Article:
Via a post on the Mass Custom website comes word of a pretty good article over on Design News, “Rapid Manufacturing’s Role in the Factory of the Future” (Link). Clips from the article:
With six machines, Morris has the world’s highest concentration of DMLS capacity. And he has been using those machines not just to make prototypes but also to turn out production parts.
Morris believes additive fabrication systems will soon occupy an increasingly prominent space on our shop floors. “We’re on the verge of a revolution in how things are made,” he says.
Boeing, for example, has made extensive use of rapid prototyping machines to produce parts, tooling and manufacturing aids for the F18 and other military aircraft. “We’ve just touched the tip of the digital manufacturing iceberg,” says Jeff DeGrange, an engineering manager with Boeing’s Phantom Works.
“Rapid manufacturing is a hot topic right now,” [Terry Wohlers] says.
“I think you’ll start to see hybrid factories that combine layered manufacturing with conventional manufacturing methods like injection molding,” says Hollis.
How long will it take for engineers to recognize the design benefits associated with additive processes? Todd Grimm, a consultant to the rapid prototyping industry, thinks it could take 10 or even 20 more years given the current lack of familiarity with additive machines and the technical barriers associated with the machines themselves. “It’s going to take a long time for direct digital manufacturing to be considered commonplace. We really are talking about the factory of the future here,” he says.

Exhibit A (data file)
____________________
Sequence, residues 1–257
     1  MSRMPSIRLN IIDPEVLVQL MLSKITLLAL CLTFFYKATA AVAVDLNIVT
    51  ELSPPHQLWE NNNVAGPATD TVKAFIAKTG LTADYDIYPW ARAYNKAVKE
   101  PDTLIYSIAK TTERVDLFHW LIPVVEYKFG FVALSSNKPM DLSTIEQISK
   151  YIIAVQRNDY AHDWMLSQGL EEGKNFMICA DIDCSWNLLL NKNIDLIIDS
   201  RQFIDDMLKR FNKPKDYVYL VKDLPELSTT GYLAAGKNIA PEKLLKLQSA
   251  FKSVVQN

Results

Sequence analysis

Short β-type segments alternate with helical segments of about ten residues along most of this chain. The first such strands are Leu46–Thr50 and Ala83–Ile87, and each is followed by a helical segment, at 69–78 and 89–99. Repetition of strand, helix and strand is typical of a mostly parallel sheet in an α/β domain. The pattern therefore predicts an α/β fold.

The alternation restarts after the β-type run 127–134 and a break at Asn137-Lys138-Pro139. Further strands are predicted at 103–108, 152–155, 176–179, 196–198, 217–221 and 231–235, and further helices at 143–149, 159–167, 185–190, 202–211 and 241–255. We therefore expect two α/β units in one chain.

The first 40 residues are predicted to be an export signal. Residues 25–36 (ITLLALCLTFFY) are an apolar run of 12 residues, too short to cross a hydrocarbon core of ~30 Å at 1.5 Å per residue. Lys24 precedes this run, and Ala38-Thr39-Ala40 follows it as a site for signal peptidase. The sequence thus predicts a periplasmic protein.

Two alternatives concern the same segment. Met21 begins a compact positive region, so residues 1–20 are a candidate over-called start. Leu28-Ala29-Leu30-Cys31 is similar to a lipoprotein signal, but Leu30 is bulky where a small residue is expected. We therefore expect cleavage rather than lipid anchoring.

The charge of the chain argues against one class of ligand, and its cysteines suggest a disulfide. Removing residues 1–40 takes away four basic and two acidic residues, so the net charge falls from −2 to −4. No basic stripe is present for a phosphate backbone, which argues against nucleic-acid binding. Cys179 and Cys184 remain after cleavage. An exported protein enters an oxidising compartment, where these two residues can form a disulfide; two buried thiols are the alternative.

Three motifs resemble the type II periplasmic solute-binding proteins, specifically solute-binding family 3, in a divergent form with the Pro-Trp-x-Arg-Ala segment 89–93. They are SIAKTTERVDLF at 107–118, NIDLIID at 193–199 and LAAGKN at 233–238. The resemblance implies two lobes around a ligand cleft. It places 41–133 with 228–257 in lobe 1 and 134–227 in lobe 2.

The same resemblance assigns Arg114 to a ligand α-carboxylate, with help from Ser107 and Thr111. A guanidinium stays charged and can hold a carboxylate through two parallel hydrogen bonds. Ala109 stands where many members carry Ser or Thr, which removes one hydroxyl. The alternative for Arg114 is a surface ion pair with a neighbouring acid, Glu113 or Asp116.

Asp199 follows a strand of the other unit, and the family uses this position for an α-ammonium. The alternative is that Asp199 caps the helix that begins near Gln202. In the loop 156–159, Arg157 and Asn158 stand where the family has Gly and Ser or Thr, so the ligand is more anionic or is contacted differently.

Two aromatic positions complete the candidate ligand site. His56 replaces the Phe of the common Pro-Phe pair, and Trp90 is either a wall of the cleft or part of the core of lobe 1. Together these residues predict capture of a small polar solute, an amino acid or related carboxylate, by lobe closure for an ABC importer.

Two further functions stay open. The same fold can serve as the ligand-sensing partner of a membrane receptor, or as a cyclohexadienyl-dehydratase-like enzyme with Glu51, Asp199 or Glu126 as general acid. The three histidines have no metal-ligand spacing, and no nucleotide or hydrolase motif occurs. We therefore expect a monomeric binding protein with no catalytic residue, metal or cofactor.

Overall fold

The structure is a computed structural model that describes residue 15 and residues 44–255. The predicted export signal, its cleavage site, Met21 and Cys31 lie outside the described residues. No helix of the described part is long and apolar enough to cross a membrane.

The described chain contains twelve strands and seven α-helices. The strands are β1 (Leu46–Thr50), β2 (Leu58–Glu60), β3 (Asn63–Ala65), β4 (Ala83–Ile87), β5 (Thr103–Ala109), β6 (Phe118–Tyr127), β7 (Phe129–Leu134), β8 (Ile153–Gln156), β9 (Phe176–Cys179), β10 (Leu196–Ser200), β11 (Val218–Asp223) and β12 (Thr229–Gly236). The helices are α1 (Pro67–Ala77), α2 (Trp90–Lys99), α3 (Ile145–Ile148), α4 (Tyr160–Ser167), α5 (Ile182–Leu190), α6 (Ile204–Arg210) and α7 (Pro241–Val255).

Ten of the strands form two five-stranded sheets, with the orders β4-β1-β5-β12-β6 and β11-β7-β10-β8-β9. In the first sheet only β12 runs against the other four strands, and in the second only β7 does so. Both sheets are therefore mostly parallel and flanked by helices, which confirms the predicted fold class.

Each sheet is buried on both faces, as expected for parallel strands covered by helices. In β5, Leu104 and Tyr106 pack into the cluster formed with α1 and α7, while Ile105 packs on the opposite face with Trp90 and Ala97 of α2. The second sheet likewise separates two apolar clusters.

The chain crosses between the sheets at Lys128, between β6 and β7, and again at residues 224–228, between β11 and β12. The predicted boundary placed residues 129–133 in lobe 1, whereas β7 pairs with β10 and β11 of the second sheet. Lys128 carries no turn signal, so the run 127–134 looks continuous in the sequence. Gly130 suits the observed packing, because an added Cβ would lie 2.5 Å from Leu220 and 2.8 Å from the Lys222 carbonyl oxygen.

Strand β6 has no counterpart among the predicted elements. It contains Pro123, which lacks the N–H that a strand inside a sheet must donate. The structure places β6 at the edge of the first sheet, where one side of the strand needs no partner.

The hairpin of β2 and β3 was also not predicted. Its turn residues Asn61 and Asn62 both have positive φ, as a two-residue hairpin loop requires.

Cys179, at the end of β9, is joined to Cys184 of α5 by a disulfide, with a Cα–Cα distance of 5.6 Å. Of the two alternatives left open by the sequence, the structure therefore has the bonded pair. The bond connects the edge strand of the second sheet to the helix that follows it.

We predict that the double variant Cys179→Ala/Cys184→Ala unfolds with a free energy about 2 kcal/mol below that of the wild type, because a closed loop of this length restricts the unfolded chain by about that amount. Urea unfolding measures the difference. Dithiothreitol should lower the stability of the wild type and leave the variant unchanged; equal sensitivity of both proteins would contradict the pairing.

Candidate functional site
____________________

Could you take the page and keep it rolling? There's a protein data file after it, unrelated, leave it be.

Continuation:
This is a nicely-balanced article, fully laying out the problems but also explaining the advantages… especially in creating composite tooling and manufacturing aids.
If there’s one area it doesn’t fully explore, however, it’s the one on which I’ve focused (for the very reasons covered by this article): low-volume, niche products. Of course I wouldn’t expect them to cover it; there isn’t nearly as much money in it as there is in turbine engine components. That convergence is still a while off.
Low volume, niche products = long tail, yes?
Long tail = 60% (+) of commerce, yes?
This is interesting to us – and our customers ;)
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